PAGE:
Creator/Writer: R.F.I. Porto
Pencils/Inks: Gavin P. Smith
Colors: Tim Yates
Publisher: Blue Juice Comics
The Accelerators is the debut title from Blue Juice Comics. It is a series about time travel, and what would happen if you had the ability to travel forward in time, but were unable to go back. The time travel devices are hand held rings nicknamed “donuts” that were found in the 1960’s and studied by a special team that included physicists and some military.
The storyline of issue #2 focuses on Bertram, a captain of the military and rogue member of the special “donut” studying team from 1965, and Spatz, an ordinary kid, and a victim of wrong place wrong time from 1991. After they find themselves captured and sold to a fighting arena by “travelers”, they are taken to the dungeon of arena where the GAMES! are held. There they not only have to worry about how they are going to get back to their original lives, but also surviving the travelers favorite past time, the arena battle royal games. It has suspense, drama, and like all great comics, ends with a cliffhanger that leaves you wanting more!
The thing that I like most about this title is while there is so much going on, and at least two different stories going simultaneously, there is no confusion. A feat that is fairly difficult to pull off in the comic world. This is achieved both by the writing style of RFI Porto and the illustrations of Gavin Smith. Porto’s writing captures the characters time periods perfectly while using phrases and expressions to let you know they don’t belong in the future. He also gives the right amount of dialogue for each scene. In the beginning when Bertram and Spatz are imprisoned in the dungeon of the arena they talk freely about where they come from and how they hope to return to their past lives, however once they are thrown into the arena for the battle royal little dialogue is used and the reader relies more on the drawings of Smith to know what’s happening in the arena.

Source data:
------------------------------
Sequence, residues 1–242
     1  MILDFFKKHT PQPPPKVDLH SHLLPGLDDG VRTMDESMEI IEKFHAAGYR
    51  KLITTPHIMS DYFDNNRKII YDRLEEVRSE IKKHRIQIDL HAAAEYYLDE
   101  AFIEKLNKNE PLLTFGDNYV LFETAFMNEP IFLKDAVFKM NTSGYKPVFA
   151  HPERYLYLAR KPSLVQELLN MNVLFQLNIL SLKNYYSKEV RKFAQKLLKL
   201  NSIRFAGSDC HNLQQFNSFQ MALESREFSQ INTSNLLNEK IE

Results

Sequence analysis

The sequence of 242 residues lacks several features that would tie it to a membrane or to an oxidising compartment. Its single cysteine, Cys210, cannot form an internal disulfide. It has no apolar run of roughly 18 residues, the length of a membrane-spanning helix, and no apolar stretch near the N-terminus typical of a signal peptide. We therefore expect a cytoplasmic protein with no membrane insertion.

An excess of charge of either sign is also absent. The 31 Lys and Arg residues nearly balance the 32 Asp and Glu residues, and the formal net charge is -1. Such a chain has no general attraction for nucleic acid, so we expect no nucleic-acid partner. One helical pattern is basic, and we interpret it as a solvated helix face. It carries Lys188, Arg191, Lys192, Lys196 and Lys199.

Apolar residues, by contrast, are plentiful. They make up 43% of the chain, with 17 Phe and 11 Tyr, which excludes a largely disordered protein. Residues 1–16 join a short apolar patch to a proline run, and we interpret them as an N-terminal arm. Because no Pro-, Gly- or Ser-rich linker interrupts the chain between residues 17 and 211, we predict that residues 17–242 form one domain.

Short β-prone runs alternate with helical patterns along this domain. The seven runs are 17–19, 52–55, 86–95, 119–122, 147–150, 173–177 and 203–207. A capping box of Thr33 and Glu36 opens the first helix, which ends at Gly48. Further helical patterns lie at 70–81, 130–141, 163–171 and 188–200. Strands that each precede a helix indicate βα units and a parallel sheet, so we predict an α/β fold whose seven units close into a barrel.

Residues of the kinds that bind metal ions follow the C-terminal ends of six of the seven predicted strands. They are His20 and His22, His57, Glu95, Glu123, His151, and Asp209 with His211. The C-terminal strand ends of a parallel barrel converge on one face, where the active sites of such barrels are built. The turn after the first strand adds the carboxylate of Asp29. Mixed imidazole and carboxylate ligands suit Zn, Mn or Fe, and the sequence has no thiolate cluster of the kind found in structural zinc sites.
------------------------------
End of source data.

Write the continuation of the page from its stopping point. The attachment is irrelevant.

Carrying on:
Smith and colorist Tim Yates do a wonderful job of telling the story of Bertram and Spatz through picture. Smith, who normally just works with black and grey drawings, does awesome illustrations of the characters and their surroundings, but doesn’t over power them with heavy lines or shading, which is unusual for most black and grey artists. Yates does a fantastic job at contrasting dark and bright images together to give you popping focal points that leave my eyes in awe and not wanting to turn the page. Together the two of them give this comic some of the best artwork I’ve ever seen for a new comic, let alone one from a fairly new publishing company.
Blue Juice made a great decision by picking up this title. For a book that has not really had much publicity it has been doing exceptionally well. It is available to order at all comic stores and you can also get it digitally delivered if you prefer to read your comics on an electronic device. I would recommend picking up an actual copy though, I have read the second issue both digitally and in paper form and I think the comic form is by far superior. This is a title I would recommend to anyone. It has so many different layers and so many directions it can go, and regardless of which direction they choose it can only lead to good things!!
4 out of 5 nerds